Pic Story of Sept. 2014 SpaceX Dragon Launch on Falcon 9 Rocket to Deliver ISS Supplies

SpaceX’s business model is based on launching satellites for corporations and countries and resupply missions for NASA to the International Space Station. Private space is making a big contribution to the changing economics of the space game and SpaceX has become key player. This September 2014 montage of photos gives a look at a re-supply mission with the Dragon Spacecraft heading to ISS after being launch into orbit aboard a Falcon 9 rocket, the primary SpaceX launch workhorse. This was the 4th SpaceX resupply mission to the ISS to date. The Falcon Heavy rocket is in the development stage as Elon Musk continues to work towards a Mission to Mars. 
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Morning launch pad for SpaceX at their NASA Launch Complex 40 at Cape Canveral for September 2014 CRS-4 Resupply Mission to International Space Station.

The CRS-4 (Cargo Resupply Service) mission began early in the morning on Sunday, September 21, when Dragon and the Falcon 9 rocket lifted off from SpaceX’s Launch Complex 40 at Cape Canaveral, Fla. at 1:52 am EDT.

CRS-4 Falcon 9 rocket liftoff at SpaceX Launch Facility 40 at Cape Canaveral destination to resupply ISS.

Vertical pictures of CRS-4 Falcon 9 rocket liftoff at SpaceX Launch Facility 40 at Cape Canaveral destination to resupply ISS.

The picture-perfect launch was the fourteenth successful launch of the Falcon 9 rocket. At liftoff, Falcon 9’s nine Merlin engines put out 1.3 million pounds of thrust, rising to 1.5 million pounds as the vehicle climbed out of Earth’s atmosphere.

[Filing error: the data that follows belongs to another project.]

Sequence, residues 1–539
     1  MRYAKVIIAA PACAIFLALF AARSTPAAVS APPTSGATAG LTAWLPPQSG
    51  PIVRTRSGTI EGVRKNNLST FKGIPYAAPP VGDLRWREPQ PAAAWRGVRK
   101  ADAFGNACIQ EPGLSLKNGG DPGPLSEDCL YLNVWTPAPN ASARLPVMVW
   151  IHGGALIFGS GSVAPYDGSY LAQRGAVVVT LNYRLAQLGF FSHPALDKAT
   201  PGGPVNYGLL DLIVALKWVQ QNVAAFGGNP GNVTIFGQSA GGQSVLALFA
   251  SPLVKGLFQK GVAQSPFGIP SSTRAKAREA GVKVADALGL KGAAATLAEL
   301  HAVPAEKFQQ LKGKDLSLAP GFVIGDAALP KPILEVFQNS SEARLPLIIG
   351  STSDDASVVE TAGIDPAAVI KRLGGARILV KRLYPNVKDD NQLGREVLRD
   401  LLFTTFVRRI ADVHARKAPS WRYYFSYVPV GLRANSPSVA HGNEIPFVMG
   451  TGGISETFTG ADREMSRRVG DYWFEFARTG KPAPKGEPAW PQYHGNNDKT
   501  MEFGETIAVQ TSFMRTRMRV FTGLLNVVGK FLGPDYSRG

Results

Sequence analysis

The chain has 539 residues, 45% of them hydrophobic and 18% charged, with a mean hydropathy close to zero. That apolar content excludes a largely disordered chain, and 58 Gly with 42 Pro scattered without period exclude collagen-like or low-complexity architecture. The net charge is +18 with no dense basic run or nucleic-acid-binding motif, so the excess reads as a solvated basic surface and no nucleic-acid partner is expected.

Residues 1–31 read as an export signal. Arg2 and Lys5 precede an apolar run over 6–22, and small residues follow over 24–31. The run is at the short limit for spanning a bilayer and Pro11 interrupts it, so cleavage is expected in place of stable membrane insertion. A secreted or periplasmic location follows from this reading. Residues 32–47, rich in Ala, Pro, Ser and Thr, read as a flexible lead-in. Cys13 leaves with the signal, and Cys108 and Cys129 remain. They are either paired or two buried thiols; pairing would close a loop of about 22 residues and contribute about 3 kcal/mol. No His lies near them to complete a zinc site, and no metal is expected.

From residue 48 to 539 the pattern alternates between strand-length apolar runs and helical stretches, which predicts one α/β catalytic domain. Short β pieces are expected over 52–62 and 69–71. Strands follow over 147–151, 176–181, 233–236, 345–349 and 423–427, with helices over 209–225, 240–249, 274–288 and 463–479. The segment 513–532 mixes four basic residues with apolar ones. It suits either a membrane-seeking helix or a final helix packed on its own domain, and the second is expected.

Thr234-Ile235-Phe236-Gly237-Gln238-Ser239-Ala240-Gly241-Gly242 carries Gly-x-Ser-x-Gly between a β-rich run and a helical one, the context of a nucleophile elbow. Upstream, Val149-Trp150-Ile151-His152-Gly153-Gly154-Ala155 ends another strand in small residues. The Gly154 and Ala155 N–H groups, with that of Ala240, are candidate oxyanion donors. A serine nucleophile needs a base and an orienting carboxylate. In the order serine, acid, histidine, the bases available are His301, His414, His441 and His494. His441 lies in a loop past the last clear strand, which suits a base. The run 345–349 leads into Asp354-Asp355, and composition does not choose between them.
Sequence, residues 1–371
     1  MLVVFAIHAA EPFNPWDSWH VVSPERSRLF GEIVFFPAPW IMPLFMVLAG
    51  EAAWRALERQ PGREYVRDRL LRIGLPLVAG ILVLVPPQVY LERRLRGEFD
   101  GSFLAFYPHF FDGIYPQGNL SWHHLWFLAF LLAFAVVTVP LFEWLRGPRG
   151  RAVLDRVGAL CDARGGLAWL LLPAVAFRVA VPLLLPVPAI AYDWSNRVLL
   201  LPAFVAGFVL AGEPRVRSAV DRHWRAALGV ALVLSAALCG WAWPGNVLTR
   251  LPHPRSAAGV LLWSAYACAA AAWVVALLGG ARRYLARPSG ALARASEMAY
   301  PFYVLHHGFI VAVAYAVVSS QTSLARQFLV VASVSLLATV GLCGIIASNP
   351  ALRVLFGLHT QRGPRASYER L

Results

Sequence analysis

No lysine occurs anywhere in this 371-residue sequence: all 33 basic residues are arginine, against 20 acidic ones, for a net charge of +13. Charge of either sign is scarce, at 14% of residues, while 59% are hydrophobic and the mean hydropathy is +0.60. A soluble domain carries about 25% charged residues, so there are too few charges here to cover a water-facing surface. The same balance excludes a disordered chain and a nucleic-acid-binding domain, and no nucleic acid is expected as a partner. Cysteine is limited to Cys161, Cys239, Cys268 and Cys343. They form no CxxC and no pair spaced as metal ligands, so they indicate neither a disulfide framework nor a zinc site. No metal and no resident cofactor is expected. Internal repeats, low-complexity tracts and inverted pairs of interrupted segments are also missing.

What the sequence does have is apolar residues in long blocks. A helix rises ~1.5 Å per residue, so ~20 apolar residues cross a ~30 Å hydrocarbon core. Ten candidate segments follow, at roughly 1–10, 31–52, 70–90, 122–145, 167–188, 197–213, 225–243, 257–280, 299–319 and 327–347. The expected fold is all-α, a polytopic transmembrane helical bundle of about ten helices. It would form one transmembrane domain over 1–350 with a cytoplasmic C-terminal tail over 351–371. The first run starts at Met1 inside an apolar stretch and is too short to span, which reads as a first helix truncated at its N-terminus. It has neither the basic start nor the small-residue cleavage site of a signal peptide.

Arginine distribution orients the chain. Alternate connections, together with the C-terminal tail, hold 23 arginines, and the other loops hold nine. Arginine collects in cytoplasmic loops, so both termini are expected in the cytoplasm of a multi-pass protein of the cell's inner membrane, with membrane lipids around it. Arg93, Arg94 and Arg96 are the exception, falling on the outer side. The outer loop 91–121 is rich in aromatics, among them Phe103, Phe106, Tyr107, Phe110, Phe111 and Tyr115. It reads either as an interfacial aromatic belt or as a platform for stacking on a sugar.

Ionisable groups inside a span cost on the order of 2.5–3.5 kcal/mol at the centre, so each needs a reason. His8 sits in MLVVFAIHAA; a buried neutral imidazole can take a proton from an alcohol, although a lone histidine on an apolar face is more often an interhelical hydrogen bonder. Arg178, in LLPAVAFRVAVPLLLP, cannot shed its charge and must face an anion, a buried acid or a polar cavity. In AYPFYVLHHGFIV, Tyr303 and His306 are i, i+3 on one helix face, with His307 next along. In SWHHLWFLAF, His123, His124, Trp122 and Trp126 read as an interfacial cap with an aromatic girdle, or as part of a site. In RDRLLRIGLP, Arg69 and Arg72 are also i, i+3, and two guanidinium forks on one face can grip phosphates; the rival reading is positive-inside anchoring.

Launch arc of Falcon 9 Rocket liftoff for Space Station resupply in September 2014.

Dragon Orbited Earth for About Two Days

Picture of Dragon with Earth in background during Earth orbit before ISS hookup.

Dragon Spacecraft with solar panels displayed in Earth orbit.

Dragon spacecraft is a highly successful workhorse for ISS resupply for SpaceX.

Dragon caught up to the International Space Station and was grappled by the station’s robotic arm at 6:52 am EDT on Tuesday, September 23. NASA astronaut Reid Wiseman and European Space Agency astronaut Alexander Gerst used the ISS Canadarm 2 to capture Dragon, and berth the vehicle to the Earth-facing Harmony node by 9:21am EDT.

Dragon begins hookup with International Space Station, the 4th NASA Space Station mission for SpaceX in September 2014.

On Tuesday morning, ISS Astronauts opened Dragon’s hatch, beginning a four week process of unloading science experiments, crew supplies, and other gear and repacking Dragon with Earth-bound cargo.

International Space Station grabs SpaceX's Dragon with Canadarm2 for unloading, an operation that went extremely well.

Experiments include the ISS Rapid Scatterometer, which will explore how winds over the ocean affect weather patterns, and Rodent Research-1, an experiment to observe the effects of spaceflight on mice–also SpaceX’s first live mammals! Read more about the research delivered by Dragon here.